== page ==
Local developers are tired of the adversarial attitude towards development proposals and are calling for greater transparency in the planning process from the State and Local Government.
“I have no doubt that there are some developers with some unrealistic ideas in relation to developing. But to some [planning] officers the word ‘development’ seems to be a dirty word with a confrontational, adversarial attitude towards any developer,” explained Joe parker, Director at Parker & Partners.
Mr Parker said that bureaucracy in the planning sector is one of the main reasons why in the past developers have been hesitant to engage in projects in Penrith.
“We as an area have many lots of land that are ideally suited to employment uses, but council has been extremely slow at bringing these online,” he said.
Mr Parker cited a development proposal at Old Bathurst Road as one example.
“This site situated in the heart of Emu Plains is ideally suited to industrial use. For seven years the applicant has been working with council to get an outcome. There is overseas investment in this project and an opportunity to create 1300 jobs,” he said.
Michael Weigmann, who offers design services in the Blue Mountains and Penrith region, said that the development application process is as much as game of psychology as it is about town planning.
“Town planning is the greatest oxymoron in history. You have to play the game. I think councils should get out of development control. Give it to planners who don’t have an axe to grind. It is fundamentally flawed and a regional planning council would be a better approach,” he said.
A spokesperson for Penrith City Council said: “The vast majority of developers work in with Council to ensure development that benefits the community and residents and adheres to good design principles”.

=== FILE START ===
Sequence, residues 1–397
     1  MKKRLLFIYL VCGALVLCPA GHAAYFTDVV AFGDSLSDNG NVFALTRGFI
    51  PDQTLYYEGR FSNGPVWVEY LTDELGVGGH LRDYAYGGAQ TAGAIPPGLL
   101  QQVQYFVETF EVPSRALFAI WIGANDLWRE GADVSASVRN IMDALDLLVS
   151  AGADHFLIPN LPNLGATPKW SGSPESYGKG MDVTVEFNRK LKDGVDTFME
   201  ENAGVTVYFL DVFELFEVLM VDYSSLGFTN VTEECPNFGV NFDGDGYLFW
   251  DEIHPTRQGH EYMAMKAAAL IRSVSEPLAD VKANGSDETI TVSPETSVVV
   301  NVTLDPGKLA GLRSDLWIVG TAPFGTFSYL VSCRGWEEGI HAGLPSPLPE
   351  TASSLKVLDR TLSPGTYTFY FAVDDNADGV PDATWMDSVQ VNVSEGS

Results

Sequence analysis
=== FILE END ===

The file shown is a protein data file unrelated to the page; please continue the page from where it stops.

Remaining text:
But the State Government, who is conducting a review of the planning process currently, has also impaired progress on Penrith developments. The Penrith Panthers – ING partnership is frustrated about the lack of progress on the Riverlink Precinct.
A planning proposal for the Riverlink Precinct, including Penrith Panthers’ lands, was agreed upon with Penrith Council in May 2010, but the proposal has stalled with the RTA and Department of Planning unable to decide who is responsible for the roads infrastructure.
The Penrith Panthers – ING partnership said in a submission to the NSW Planning Review that the partnership worked tirelessly for four years on the development proposal but that the “planning process stalled and faces significant delay whilst government agencies sort out their difference on roads”.
“A streamlined process for employment-generating developments is what is required as a matter of urgency,” Mr Parker said.
“A better and more efficient planning process will increase investment, increase employment and provide better education opportunities.”